I write like how I do most things in my life; fast, but lacking perfection. So, I like to have someone proofread my writing to correct misspellings and bad grammar.

My 11-year-old is an excellent writer. So, for the past few months, I have hired my own child to be the editor of my blog on AsianParent.com.

I pay five bucks per blog. And since I blabber on my blog about once a week, my 11-year-old has accumulated a nice stack of five-dollar bills. This is upsetting my 8-year-old.

“I want to make $5 too!” 8-year-old demanded one afternoon.

“You are just not ready to proofread my blog yet. You are only a 3rd grader.” me.

The baby gave me a very sad face…so sad.

“I am sure when you are a 6th grader, you will make a fine editor too.” I comforted the child.

“But I want to make $5 NOW!” baby.

11-year-old watched us in amusement.

Then an idea came to me, “Actually, I have a job that you can do.”

“You can wash our dirty shoes! I have been wanting to clean them, especially both of your muddy tennis shoes. I will also pay you $5 a pair, but you will have to use a brush and soap to clean them.” me.

My 8-year-old clapped with pleasure. The baby loves money.

That was perfect, and everybody was happy. But my brain started cranking…and notified me of a teachable moment.

“Kids. I have always told you how important it is to be educated, and this is a good example of it.” me.

I pointed at my 11-year-old, and said, “When you get to use your brain to make money, you get to have a fancy title, like the Editor of AsianParent.com, and all you have to do is to read a blog to earn five dollars. Some of my blogs are so short.”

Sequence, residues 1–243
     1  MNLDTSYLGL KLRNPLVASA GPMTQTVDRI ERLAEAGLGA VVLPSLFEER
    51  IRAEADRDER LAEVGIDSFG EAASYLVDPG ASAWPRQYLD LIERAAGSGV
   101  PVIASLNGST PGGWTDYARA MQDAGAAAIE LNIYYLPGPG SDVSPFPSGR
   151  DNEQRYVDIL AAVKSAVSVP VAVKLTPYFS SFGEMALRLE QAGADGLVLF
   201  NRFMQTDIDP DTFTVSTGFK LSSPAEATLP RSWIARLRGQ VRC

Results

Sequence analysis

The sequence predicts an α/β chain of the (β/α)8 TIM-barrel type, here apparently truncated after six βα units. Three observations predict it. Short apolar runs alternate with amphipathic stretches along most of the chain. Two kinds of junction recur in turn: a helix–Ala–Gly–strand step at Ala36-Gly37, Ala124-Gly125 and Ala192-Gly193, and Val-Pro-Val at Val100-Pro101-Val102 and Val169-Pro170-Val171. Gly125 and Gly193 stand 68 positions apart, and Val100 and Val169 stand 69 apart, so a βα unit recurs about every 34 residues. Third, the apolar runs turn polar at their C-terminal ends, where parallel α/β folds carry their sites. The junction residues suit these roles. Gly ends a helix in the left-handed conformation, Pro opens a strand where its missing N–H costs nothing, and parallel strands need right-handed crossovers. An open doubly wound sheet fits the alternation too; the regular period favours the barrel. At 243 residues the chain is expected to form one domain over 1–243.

“And you!” I pointed to my baby now, “you don’t have enough education to use your brain to make money, you will have to use your muscles to make money.” Pausing for a more dramatic effect on my lecture, I continued, “You have to get a stool in front of the large sink in our laundry room, step on it, roll up your sleeves, and wash stinky shoes to earn your five dollars.”

“You kids better go to college.” I delivered my obvious punch line.

The baby’s beaming face turned into an unhappy frown.

“I don’t want to clean stinky shoes anymore!” 8-year-old.

“What, wait…you get five dollars.” me.

“No!” baby’s face turned away from me, with arms crossed.

Oh no. This teachable moment backfired on me.

“Hold on, kids. There is no shame in hard work. Sometimes, you have to do what you have to do.” me.

“I have worked lots of jobs since high school. And in college, I had a job cleaning dorm rooms.” me,

Silence from the kids.

“I cleaned other college kids’ dorm rooms and their bathrooms to make extra money. There is no shame in hard work. You can clean the shoes, your own shoes!”

“No!” baby.

Apparently, I need a new lesson plan on work ethics for these two. And I could really use a shoe cleaner around here.

Lots of shoes

Related post: Teaching Green

  • Share/Save/Bookmark
Category: Humor, Kids
You can follow any responses to this entry through the RSS 2.0 feed. Responses are currently closed, but you can trackback from your own site.
2 Responses
  1. [...] related post: The Editor and the Shoe Cleaner Category: Humor, Kids You can follow any responses to this entry through the RSS 2.0 feed. [...]